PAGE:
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unrestored chairI found this old chair in the same second-hand shop as the wooden chest I wrote about a few months ago. The chair was sitting on the nature strip, propping up the ‘now open’ sign. It was exactly what I’d been on the lookout for in every antique place on the road from Melbourne to Port Fairy.

The paint work was a mess and there was a serious break in one of the front legs, but the chair was otherwise in good condition. How old is it? Just guessing, maybe 1930s, maybe older.
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I recently booked in for a video stroke analysis session with Patricia Baker at Swimwell (www.swimwell.com.au). Pat videoed me from all angles, including underwater, while I was swimming freestyle. And then we sat down and looked at the footage on her laptop and she gave me the bad news.

There’s no easy way to admit this: My freestyle stroke is appalling. Arms and hands crossing in front of my head rather than being out in line with my shoulders. Hands tilting inwards as they enter the water – and entering the water way too far in front of me. Elbows not high enough in the recovery position. Right forearm really flat as I pull through the water. It’s no wonder I’m still getting shoulder and neck pain when I train.

Happily it wasn’t all completely embarrassing. Pat said my leg and hip position in the water was OK. So it’s just my top half that’s crap.
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When we were young Dad decided, out of the blue, to build us a dolls house. I’m not talking about some lame, scaled-down replica you dump your Barbie dolls in or a pokey, crawl-in box suitable only for three-year-olds. No, ours was adult-size – with stumps, wooden framework, glass windows and a corrugated iron roof. Big enough to rent out to a small family.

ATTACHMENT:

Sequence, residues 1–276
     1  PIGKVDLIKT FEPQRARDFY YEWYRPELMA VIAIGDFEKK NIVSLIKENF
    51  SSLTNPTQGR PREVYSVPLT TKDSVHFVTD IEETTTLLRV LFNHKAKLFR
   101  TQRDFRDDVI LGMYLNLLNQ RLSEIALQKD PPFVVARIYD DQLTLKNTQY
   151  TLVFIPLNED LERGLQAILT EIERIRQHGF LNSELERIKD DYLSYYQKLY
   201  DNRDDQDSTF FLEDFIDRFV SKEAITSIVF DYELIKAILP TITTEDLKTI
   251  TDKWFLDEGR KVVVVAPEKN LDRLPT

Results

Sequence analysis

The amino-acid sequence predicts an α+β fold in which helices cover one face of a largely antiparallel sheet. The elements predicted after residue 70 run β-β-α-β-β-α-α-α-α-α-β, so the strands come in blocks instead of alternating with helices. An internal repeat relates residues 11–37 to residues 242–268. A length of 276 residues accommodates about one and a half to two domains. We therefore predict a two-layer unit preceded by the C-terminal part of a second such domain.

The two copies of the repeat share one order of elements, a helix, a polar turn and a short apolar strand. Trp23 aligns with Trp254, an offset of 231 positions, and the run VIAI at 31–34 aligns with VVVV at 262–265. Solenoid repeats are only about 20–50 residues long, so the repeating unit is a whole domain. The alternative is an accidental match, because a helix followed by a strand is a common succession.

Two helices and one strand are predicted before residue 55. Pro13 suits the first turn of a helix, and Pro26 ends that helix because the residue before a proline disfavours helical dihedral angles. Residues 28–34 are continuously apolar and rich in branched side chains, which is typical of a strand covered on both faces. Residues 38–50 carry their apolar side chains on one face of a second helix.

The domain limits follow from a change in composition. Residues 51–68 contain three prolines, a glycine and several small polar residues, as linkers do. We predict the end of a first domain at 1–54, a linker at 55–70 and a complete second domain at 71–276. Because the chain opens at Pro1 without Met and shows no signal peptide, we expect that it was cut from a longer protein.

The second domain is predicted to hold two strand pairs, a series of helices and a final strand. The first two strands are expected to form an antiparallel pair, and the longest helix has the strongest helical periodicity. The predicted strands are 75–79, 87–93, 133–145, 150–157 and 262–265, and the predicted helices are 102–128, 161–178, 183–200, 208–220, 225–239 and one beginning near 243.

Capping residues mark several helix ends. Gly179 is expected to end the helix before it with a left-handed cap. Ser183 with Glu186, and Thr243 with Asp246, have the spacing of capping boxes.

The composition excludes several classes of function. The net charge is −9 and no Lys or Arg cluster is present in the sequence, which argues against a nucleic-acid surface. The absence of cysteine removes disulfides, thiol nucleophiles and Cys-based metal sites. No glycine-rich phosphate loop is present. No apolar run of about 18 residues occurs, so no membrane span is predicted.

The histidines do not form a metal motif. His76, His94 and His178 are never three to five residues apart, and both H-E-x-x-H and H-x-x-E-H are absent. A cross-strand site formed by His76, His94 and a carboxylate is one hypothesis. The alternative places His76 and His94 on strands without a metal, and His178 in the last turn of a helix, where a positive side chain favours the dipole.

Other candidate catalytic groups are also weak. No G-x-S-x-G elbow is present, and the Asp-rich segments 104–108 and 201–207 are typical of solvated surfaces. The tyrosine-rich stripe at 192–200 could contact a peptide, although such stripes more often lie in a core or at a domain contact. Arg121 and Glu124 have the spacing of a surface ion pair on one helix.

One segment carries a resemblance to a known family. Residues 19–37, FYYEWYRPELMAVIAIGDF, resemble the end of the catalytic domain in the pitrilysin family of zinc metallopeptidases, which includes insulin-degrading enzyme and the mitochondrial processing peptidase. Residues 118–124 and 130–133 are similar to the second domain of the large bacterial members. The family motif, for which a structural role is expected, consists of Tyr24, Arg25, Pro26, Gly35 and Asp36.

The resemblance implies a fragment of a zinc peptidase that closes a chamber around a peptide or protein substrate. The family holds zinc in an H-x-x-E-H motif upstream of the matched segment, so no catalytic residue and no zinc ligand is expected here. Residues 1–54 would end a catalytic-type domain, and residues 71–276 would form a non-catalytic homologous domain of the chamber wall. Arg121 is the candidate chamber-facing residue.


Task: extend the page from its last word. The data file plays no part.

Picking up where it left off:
It’s a significant part of the family history, at least for me and my two younger sisters. The trouble is no one ever took any photos of it. When did Dad build it? What did it look like exactly? When did it eventually get pulled down? Was it standing for 5, 6, 7 … years? Important questions but, frustratingly, no definitive answers.
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[read Part 2]
I’m wrapping up this project in Part 3. I’m over it. Please, no scrolling straight down to the end to see the final product! I’m going to make you read every bit of what I went through.


Reinforcing the front pockets and back yoke

reinforcing the back yoke seamThe fabric is stretchy and this can create problems in areas where you don’t want a garment to stretch. For the front pocket openings and the back yokes I sewed twill tape into the seams.

Inserting the zip

fly-front zip insertedI hadn’t inserted a fly-front zip for a while. It’s not that hard to do but I found a great tutorial by Sandra Betzina to refresh my memory. She suggests you ignore the instructions in the pattern and follow her method. OK, why not?

After some faffing about, and replaying the video a few times, I got the zip in. I liked Sandra’s statement: ‘There are times when you’re a perfectionist and there are times not to be.’ Knowing when you can cut corners and when you need to be neat and accurate comes with experience.
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[read Part 1]
I’m ready to grade the pattern to size 12. The good news is it’s a multi-size pattern (sizes 14-18) and, when I first made this skirt about 10 years ago, I didn’t cut off sizes 16 and 18. So it’s a relatively easy job to work out where to draw the cutting lines for size 12. Even better it’s only the side seams, waist band and back yoke that need adjusting.